New ADA Case Absolves Employers from Need to Accommodate Inability to Work Overtime

New ADA Case Absolves Employers from Need to Accommodate Inability to Work Overtime

new case from the Fourth Circuit directly addresses a common enough dilemma: if an illness weakens an employee such that he can’t handle swing shifts or overtime, must an employee accommodate that problem?

No, says the Court.  An employee who is able to return to a 40-hour week is not disabled in the major life activity of working, and therefore the employer does not have to accommodate him.

The case came up, ironically enough, with someone who was treated pretty well by his employer.  After Michael Boitnott suffered a heart attack, he stopped working as a maintenance engineer.  His job was structured around 12-hour shifts; the company required employees to rotate the shifts every two weeks so no one was always a night worker.

Eventually Boitnott was given permission to return to work.  At first, his doctors disapproved of his working more than 40 hours, as well as the rotating shifts.  Ultimately they approved “moderate overtime,” but not the alternating shifts.  In response, Corning worked with his union and ultimately created a maintenance job requiring 40 hours per week with overtime, with no radical shift changes.  He took the job, and remained there through the trial.  He complained about his treatment for the time period before he could work more than 40 hours.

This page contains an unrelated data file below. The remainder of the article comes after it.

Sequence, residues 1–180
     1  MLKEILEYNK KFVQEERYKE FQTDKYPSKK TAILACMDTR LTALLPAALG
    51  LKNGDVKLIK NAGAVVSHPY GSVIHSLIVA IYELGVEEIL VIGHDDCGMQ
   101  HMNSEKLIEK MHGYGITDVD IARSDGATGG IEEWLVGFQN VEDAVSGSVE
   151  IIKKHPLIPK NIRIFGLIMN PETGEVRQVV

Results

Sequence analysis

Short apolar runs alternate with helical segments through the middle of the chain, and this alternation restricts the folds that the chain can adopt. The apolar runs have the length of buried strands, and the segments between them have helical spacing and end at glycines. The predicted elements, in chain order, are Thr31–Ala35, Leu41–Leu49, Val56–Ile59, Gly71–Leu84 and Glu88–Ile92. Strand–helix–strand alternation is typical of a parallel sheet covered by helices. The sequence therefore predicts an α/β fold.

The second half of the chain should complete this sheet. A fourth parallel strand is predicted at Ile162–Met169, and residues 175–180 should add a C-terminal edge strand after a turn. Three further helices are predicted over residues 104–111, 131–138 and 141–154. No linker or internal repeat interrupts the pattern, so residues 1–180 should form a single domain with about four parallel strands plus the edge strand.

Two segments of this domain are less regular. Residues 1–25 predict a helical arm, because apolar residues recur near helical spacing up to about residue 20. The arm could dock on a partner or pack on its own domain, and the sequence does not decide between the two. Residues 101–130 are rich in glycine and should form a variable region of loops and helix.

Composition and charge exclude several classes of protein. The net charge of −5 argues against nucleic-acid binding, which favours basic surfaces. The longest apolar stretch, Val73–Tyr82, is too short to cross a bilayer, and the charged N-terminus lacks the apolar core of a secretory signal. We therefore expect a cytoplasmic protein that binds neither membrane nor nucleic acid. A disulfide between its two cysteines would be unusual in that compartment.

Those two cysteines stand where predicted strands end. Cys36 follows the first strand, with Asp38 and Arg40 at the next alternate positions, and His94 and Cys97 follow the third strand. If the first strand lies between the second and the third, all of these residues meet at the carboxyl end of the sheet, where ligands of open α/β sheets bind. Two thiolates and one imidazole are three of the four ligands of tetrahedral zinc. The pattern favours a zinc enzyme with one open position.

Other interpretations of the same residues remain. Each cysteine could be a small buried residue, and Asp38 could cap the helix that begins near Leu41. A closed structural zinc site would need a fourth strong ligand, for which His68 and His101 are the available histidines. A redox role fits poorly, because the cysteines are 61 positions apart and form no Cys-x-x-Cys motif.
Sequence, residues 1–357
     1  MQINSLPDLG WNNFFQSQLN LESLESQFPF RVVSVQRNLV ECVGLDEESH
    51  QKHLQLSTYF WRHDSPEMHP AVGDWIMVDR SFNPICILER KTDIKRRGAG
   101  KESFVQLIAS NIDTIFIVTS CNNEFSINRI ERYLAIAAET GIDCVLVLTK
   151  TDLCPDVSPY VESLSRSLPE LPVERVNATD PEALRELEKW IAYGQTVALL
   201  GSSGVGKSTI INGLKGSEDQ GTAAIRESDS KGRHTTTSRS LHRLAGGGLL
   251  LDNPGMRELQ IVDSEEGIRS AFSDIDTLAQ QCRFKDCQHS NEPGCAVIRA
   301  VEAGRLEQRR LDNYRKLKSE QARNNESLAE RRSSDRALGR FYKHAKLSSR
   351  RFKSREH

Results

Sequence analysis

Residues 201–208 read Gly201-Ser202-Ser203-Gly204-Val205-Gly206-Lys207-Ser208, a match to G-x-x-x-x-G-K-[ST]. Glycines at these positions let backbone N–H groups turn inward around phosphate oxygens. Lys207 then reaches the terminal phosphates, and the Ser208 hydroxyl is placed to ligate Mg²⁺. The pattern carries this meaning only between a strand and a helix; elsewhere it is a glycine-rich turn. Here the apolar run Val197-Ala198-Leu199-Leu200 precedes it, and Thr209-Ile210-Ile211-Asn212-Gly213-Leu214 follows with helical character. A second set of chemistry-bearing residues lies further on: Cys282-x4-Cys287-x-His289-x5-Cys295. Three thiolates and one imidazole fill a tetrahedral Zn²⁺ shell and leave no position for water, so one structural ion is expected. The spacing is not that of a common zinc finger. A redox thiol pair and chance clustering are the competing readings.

The court held that because he could work 40 hours, he could not show himself disabled from the major life activity of working.  Plenty of jobs limited to a 40-hour week existed; therefore Boitnott was not disabled.  The fact that he could not do his own job does not get him over the hurdle.  If he’s not disabled, Corning has no obligation to accommodate him.

This case is a good reminder of the limitations of the ADA, even with the recent amendments.  Until “staying up all night” is a major life activity, a person unable to handle a swing shift, but otherwise healthy, may never get to the reasonable accommodation stage.  On the other hand, sometimes an employee has a recognized disability (for example, asthma).  If a reasonable accommodation would be to alter a schedule, the employer must at least consider it.

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